Has Iridium Communications Become the Perfect Stock?
Every investor would love to stumble upon the perfect stock. But will you ever really find a stock that provides everything you could possibly want?
One thing's for sure: You'll never discover truly great investments unless you actively look for them. Let's discuss the ideal qualities of a perfect stock, then decide if Iridium Communications (NAS: IRDM) fits the bill.
The quest for perfection
Stocks that look great based on one factor may prove horrible elsewhere, making due diligence a crucial part of your investing research. The best stocks excel in many different areas, including these important factors:
- Growth. Expanding businesses show healthy revenue growth. While past growth is no guarantee that revenue will keep rising, it's certainly a better sign than a stagnant top line.
- Margins. Higher sales mean nothing if a company can't produce profits from them. Strong margins ensure that company can turn revenue into profit.
- Balance sheet. At debt-laden companies, banks and bondholders compete with shareholders for management's attention. Companies with strong balance sheets don't have to worry about the distraction of debt.
- Money-making opportunities. Return on equity helps measure how well a company is finding opportunities to turn its resources into profitable business endeavors.
- Valuation. You can't afford to pay too much for even the best companies. By using normalized figures, you can see how a stock's simple earnings multiple fits into a longer-term context.
- Dividends. For tangible proof of profits, a check to shareholders every three months can't be beat. Companies with solid dividends and strong commitments to increasing payouts treat shareholders well.
With those factors in mind, let's take a closer look at Iridium Communications.
What We Want to See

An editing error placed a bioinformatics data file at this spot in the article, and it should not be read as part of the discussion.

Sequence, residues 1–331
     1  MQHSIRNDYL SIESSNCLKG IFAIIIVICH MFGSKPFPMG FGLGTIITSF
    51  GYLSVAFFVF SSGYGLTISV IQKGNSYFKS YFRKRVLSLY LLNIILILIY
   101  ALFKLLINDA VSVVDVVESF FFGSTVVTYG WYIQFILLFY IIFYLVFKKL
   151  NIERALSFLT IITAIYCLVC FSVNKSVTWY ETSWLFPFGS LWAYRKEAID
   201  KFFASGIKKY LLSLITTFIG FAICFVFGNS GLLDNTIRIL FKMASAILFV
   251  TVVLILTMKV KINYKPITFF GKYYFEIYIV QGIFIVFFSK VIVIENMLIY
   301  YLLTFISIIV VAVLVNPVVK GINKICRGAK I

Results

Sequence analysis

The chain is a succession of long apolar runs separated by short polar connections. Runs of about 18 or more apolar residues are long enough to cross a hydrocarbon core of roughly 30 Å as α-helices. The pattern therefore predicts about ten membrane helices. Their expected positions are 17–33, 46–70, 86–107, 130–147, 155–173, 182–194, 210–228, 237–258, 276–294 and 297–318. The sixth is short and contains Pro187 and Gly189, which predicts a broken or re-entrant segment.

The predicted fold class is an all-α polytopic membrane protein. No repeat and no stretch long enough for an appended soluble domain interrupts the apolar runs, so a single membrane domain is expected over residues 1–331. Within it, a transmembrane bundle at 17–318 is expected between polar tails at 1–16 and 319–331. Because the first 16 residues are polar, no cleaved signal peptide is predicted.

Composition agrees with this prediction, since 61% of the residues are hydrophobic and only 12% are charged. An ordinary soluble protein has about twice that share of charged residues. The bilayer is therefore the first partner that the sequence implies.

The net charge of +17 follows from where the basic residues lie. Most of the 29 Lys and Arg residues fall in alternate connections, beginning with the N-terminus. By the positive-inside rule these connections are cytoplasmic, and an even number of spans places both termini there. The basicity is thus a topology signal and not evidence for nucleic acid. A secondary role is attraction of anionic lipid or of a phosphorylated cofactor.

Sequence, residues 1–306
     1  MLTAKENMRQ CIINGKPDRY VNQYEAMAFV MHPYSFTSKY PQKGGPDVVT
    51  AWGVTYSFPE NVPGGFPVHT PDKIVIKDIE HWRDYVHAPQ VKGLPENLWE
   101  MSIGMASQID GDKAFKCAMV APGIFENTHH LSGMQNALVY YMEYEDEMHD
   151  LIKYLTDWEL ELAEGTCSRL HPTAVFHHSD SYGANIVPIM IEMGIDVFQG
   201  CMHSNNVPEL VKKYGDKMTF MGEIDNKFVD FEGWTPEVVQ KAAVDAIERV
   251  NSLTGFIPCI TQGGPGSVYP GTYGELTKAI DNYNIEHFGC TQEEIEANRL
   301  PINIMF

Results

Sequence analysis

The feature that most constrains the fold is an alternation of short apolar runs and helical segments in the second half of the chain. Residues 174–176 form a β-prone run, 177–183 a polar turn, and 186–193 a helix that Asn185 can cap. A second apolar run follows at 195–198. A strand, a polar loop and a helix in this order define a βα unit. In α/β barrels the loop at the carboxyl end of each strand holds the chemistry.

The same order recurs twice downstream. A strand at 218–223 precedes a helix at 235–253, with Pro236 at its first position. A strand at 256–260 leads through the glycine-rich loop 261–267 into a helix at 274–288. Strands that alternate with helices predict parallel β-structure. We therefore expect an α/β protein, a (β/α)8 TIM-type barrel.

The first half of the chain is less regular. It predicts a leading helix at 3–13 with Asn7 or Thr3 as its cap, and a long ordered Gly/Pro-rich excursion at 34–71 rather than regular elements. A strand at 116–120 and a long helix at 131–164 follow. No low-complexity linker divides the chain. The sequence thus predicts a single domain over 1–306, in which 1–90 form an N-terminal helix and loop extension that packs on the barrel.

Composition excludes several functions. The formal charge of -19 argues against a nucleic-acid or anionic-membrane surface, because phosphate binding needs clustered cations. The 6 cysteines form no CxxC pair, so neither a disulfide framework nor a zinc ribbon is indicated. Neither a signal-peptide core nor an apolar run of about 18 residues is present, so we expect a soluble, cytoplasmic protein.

Pass or Fail?
|Growth||5-year annual revenue growth > 15%||12.7%||Fail|
|1-year revenue growth > 12%||8.0%||Fail|
|Margins||Gross margin > 35%||67.2%||Pass|
|Net margin > 15%||11.3%||Fail|
|Balance sheet||Debt to equity < 50%||61.6%||Fail|
|Current ratio > 1.3||1.23||Fail|
|Opportunities||Return on equity > 15%||6.3%||Fail|
|Valuation||Normalized P/E < 20||15.05||Pass|
|Dividends||Current yield > 2%||0%||Fail|
|5-year dividend growth > 10%||0%||Fail|
|Total score||2 out of 10|
Source: S&P Capital IQ. Total score = number of passes.
Since we looked at Iridium Communications last year, the company's score has fallen by three points. A much uglier balance sheet and far slower revenue growth resulted in the drop, but the stock has actually held up reasonably well over the past year.
For most U.S. consumers, the wireless networks of AT&T, Verizon, and Sprint Nextel (NYS: S) provide enough coverage area to meet most of their needs. Sure, you may find yourself in a dead zone from time to time, but for the most part, being out of touch during those rare times causes only minimal inconvenience.
But for some uses -- ranging from aircraft navigation to deepwater drilling -- cell towers simply aren't an option. That's the niche that Iridium serves, helping its customers stay connected where other solutions fail. Its products, which include both satellite phone hardware as well as Wi-Fi and satellite service, aren't as inexpensive as traditional carriers, but Iridium's network of satellites ensures coverage even in the most remote parts of the world.
The company has an impressive list of customers. Airlines Delta (NYS: DAL) and Continental are among Iridium users, as are numerous government agencies. Energy companies Schlumberger (NYS: SLB) and ConocoPhillips (NYS: COP) use the services as well for machine-to-machine data transmission.
In its most recent quarter, Iridium posted stronger earnings than expected but fell short on sales. Still, the company has a competitive opportunity, as rival Inmarsat has had to increase its prices. If Iridium can capitalize on that opportunity to poach users from Inmarsat, it could be the catalyst to reignite growth and get the company moving back toward perfection.
No stock is a sure thing, but some stocks are a lot closer to perfect than others. By looking for the perfect stock, you'll go a long way toward improving your investing prowess and learning how to separate out the best investments from the rest.
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At the time this article was published Fool contributor Dan Caplinger doesn't own shares of the companies mentioned in this article. The Motley Fool owns shares of Iridium Communications. Motley Fool newsletter services have recommended buying shares of Schlumberger. We Fools may not all hold the same opinions, but we all believe that considering a diverse range of insights makes us better investors. The Fool has a disclosure policy.
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